In this 2nd part of the ShanghAI Lectures, Rolf Pfeifer looks at the paradigm “Cognition as Computation”, show its successes and failures and justifies the need for an embodied perspective. Following Rolf Pfeifer’s class, there are two guest lectures by Christopher Lueg (University of Tasmania) on embodiment and information behavior and Davide Scaramuzza (AI Lab, University of Zurich) on autonomous flying robots.
The ShanghAI Lectures are a video conference-based lecture series on Embodied Intelligence run by Rolf Pfeifer and organized by me and partners around the world.
Christopher Lueg: Embodiment and Scaffolding Perspectives in Human Computer Interaction
In this talk Professor Lueg will discuss how embodiment and scaffolding perspectives discussed in the ShanghAI Lectures on Natural and Artificial Intelligence can also be used to look at, and re-interpret, research topics in human computer interaction ranging from human information behavior in the real world to information interaction in online communities. In his work Professor Lueg understands human computer interaction as interaction with pretty much any kind of computer-based system ranging from desktop computers and mobile phones to microwave ovens and parking meters.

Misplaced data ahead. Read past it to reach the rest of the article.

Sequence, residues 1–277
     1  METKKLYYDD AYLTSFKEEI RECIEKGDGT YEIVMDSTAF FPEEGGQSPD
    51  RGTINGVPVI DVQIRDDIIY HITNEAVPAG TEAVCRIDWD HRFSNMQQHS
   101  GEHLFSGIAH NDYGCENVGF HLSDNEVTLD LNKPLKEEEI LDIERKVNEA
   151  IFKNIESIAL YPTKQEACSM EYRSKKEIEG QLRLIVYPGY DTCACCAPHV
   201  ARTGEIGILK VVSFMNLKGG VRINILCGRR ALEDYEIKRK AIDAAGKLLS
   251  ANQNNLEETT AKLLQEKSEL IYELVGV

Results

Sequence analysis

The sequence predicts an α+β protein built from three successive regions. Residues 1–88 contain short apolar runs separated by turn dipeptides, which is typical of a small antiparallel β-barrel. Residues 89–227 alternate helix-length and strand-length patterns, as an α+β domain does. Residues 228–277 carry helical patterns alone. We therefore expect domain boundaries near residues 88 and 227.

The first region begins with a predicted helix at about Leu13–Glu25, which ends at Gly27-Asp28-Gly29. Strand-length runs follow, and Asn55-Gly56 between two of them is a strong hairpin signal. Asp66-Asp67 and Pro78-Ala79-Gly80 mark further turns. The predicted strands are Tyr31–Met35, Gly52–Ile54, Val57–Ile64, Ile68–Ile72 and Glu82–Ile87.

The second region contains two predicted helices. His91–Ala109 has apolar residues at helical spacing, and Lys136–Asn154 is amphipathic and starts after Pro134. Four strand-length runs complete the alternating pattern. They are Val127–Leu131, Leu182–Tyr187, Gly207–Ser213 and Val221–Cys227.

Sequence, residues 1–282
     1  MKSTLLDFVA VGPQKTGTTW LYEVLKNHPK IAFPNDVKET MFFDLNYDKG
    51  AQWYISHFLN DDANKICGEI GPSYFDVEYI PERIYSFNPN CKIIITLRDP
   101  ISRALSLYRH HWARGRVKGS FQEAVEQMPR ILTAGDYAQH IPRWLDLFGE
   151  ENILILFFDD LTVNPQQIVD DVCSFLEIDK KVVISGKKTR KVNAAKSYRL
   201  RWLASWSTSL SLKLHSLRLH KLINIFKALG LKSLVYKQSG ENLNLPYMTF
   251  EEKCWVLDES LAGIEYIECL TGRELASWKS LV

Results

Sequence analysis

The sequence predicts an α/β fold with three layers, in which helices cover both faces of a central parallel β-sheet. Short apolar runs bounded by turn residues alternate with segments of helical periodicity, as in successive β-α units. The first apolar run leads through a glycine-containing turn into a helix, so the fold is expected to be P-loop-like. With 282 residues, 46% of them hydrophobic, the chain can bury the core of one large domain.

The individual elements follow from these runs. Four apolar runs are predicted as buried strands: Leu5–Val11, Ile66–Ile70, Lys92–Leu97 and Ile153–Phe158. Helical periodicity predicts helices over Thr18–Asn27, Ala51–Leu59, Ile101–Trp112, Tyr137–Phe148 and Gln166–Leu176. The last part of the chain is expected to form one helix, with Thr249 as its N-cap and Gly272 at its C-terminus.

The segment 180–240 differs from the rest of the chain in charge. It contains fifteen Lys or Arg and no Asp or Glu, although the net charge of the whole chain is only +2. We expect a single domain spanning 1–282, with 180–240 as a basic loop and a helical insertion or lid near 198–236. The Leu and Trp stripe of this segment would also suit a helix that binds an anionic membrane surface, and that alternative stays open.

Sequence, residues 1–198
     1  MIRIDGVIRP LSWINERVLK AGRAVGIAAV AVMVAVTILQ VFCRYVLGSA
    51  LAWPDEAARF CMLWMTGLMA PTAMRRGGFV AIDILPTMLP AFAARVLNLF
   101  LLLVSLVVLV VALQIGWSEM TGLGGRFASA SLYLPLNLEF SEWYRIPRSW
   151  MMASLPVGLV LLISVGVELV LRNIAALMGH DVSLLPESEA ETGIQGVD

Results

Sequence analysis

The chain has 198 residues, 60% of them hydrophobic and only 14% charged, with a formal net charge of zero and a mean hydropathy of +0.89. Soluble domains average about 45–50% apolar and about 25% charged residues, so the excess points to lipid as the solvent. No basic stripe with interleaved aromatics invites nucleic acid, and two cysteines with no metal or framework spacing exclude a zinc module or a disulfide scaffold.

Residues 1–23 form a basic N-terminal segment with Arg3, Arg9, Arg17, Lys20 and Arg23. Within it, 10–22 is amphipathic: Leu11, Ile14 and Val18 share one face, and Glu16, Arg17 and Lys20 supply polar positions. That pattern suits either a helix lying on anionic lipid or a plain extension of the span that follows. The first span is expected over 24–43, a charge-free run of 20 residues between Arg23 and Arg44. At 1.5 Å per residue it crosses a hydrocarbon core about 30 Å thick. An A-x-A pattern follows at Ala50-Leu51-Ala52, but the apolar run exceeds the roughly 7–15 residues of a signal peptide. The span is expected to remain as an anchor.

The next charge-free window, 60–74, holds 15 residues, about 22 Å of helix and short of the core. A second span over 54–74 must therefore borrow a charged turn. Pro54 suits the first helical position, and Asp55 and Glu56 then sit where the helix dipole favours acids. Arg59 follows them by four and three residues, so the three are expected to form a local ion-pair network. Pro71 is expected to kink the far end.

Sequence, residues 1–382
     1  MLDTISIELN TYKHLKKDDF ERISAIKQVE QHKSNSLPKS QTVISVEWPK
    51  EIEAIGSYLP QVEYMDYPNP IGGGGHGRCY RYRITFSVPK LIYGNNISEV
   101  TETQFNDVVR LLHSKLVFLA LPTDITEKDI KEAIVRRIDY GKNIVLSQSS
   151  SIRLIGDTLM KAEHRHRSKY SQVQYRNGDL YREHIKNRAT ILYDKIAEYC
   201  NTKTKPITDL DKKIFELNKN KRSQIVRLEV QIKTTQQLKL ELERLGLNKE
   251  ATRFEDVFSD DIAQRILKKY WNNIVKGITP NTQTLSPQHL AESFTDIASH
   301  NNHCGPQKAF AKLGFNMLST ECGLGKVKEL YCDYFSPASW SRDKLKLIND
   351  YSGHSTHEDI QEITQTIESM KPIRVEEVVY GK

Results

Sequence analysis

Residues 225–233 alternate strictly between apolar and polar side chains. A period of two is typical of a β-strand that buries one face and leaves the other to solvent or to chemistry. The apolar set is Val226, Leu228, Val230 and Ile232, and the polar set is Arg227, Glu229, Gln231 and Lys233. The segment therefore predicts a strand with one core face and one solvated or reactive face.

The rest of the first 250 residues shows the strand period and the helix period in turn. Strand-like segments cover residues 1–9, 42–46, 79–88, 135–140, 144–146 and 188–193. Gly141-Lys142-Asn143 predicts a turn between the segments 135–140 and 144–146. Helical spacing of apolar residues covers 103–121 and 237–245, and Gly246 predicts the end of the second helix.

Davide Scaramuzza: Vision-Based Navigation: a Ground and a Flying Robot Perspective
Over the past two decades, we have assisted to a rapid research progress in driver-assistance systems. Some of these systems have even reached the market and have become nowadays an essential tool for driving. GPS navigation systems are probably the most popular ones. They have revolutionized the way of traveling and certainly facilitated research towards fully autonomous navigation in outdoor environments. However, there are still numerous challenges that have to be solved in view of fully autonomous navigation of cars in cluttered environments. This is especially true in urban environments, where the requirements for an autonomous system are very high.
Another research area that lately received a lot of interest—especially after the earthquake in Fukushima, Japan—is that of micro aerial vehicles. Flying robots have numerous advantages over ground vehicles: they can get access to environments where humans cannot get access to and, furthermore, they have much more agility than any other ground vehicle. Unfortunately, their dynamics makes them extremely difficult to control and this is particularly true in GPS-denied environments.
In this talk, Davide Scaramuzza will present challenges and results for both ground vehicles and flying robots, from localization in GPS-denied environments to motion estimation. He will show several experiments and real-world applications where these systems perform successfully and those where their applications is still limited by the current technology.